105800 It’s hard to believe that it’s nearly two years now since Henry Hyde’s The Wargaming Compendium was unleashed upon wargamers the world over.  Now, it’s back, significantly cheaper, and significantly lighter…yet still bursting with all – if not more – of the content that made its original release so awesome.

There are many great things about The Wargaming Compendium that make it an essential purchase, but one of the things to strike me upon reading it cover to cover for the first time is how useful it is no matter if this is the first thing you’ve ever read on wargaming, or if you’re an old hand who’s devoted his spare bedroom over to a 32mm recreation of The Battle of Stamford Bridge.

Within are tips and guides for choosing which era you want to fight in, how to prep and paint figures, how to build and lay-out terrain…pretty much everything you could need. Complete games/rulesets are supplied, as well as a pretty comprehensive directory of conventions, websites, magazines and publishers.  All periods of history are covered, from Ancients to Ultra-Modern, with a fair amount of discussion also given over to fantasy and sci-fi games. I cannot recommend this book enough.

No matter what your experience level, or what aspect of wargaming you are interested in, there is plenty in here to make it worth your while.  And now it’s lighter, as well. Bonus.

Buy it with your hands.  Again.

I couldn’t not show you all this post of a Giant Wooden Rabbit.


Chris Palmer     This weekend I finished up a couple 10mm stands for my ?Bear Yourselves Valiantly? fantasy armies.  The first of these is a 10mm 3-D printed ?Trojan Rabbit?, purchased from Shapeways.  My friend, Buck Surdu, and I both got one of these; and in talking about it, we decided we?d treat it as a kind of self-propelled  armored personal carrier.  So, to enable the ?self-propelled? part, I modified some extra War-of-the-Roses figures I had to become ?pushers?, and glued them on the base as if pushing the rabbit forward.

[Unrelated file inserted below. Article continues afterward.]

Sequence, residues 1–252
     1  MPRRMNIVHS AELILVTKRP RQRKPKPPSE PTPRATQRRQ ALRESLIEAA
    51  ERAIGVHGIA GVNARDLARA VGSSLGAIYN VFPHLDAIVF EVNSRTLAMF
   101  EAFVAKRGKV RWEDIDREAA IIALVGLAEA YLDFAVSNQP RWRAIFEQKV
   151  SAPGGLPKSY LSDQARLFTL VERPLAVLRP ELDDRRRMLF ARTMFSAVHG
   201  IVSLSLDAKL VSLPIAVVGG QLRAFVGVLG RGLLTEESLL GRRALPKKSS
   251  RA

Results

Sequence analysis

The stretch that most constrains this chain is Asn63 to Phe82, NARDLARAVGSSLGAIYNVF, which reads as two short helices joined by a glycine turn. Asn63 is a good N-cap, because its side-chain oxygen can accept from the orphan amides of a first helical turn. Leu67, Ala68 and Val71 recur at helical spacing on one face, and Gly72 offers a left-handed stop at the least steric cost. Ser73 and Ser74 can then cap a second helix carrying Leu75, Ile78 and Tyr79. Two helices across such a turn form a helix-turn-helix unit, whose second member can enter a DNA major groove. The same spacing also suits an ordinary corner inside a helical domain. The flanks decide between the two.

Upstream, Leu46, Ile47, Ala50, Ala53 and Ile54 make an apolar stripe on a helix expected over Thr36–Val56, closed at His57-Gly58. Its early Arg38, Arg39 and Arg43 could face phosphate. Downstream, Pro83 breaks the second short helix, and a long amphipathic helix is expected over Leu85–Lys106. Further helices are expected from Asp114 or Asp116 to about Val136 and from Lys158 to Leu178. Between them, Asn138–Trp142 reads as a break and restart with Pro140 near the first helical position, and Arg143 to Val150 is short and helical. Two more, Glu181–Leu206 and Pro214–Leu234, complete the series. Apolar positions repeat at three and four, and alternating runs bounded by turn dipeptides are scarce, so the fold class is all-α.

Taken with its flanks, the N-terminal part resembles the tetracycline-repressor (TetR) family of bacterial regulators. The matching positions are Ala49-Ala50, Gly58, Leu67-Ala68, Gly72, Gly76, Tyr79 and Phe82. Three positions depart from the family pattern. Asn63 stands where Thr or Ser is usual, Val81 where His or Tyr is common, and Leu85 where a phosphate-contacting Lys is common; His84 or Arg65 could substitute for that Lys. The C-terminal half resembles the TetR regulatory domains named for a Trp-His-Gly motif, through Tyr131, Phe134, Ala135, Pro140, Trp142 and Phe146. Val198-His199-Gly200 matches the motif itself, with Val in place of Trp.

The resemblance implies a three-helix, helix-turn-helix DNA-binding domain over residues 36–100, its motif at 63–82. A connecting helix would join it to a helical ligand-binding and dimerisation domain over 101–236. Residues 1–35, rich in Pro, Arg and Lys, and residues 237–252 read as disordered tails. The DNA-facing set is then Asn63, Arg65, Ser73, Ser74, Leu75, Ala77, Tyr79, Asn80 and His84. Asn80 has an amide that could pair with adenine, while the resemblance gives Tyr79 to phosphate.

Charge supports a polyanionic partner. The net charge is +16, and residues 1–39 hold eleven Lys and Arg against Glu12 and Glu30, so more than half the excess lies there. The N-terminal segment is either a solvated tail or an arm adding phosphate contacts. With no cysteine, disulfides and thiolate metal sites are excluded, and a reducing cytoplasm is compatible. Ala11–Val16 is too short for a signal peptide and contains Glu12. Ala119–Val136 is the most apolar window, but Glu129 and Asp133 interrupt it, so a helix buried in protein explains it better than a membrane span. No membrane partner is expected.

Un cadeau!

Let?s hope they remembered to get inside this time!

   The other figure I completed this week was an Elf Wizard for my Sea-Elf army.  I used an extra GW High Elf Wizard I had, and painted him in my Sea-Elf army colors.  I tried to paint him as if standing upon a water spout, and…

View original post 19 more words

“Wolf’s Head” by Steven A. McKay


After viciously assaulting a corrupt but powerful clergyman, the young Robin Hood flees the only home he has ever known in Wakefield, Yorkshire. Becoming a member of a notorious band of outlaws, Hood and his new companions – including John Little and Will Scaflock – hide out in the great forests of Barnsdale, fighting for their very existence as the law hunts them down like animals. When they are betrayed, and their harsh lives become even more unbearable, the band of friends seeks bloody vengeance. Meanwhile, the country is in turmoil, as many of the powerful lords strive to undermine King Edward II’s rule until, inevitably, rebellion becomes a reality and the increasingly deadly yeoman outlaw from Wakefield finds his fate bound up with that of a Hospitaller Knight.

“Wolf’s Head” – the first in the “The Forest Lord” series opens up feeling like a fun, Errol Flynn-type Sunday afternoon swashbuckling adventure, but before long, one realises that this is not the story we thought we knew.  Several aspects of the tale are much darker and more violent than we have previously seen them. 

The phrase “gritty reboot” has become something of a joke these days, but it seems to apply here.  In fact, the violence sometimes seems to border on the extreme – this is certainly an 18+ novel!  It is, if you will, a story for kids who have grown up. 

The characters are all engaging and interesting, with old favourites such as Will Scarlet and Little John, meeting up with new and lesser know names and faces.

The plot is very well presented.  Whenever you think you’ve got a handle on where it’s going or what is going to happen next, it throws you a surprise, and heads off in a totally unexpected, though always credible direction.  The ending feels conclusive, but still leaves you keen to get onto the sequel.

A fun historical fiction adventure that’s well worth checking out.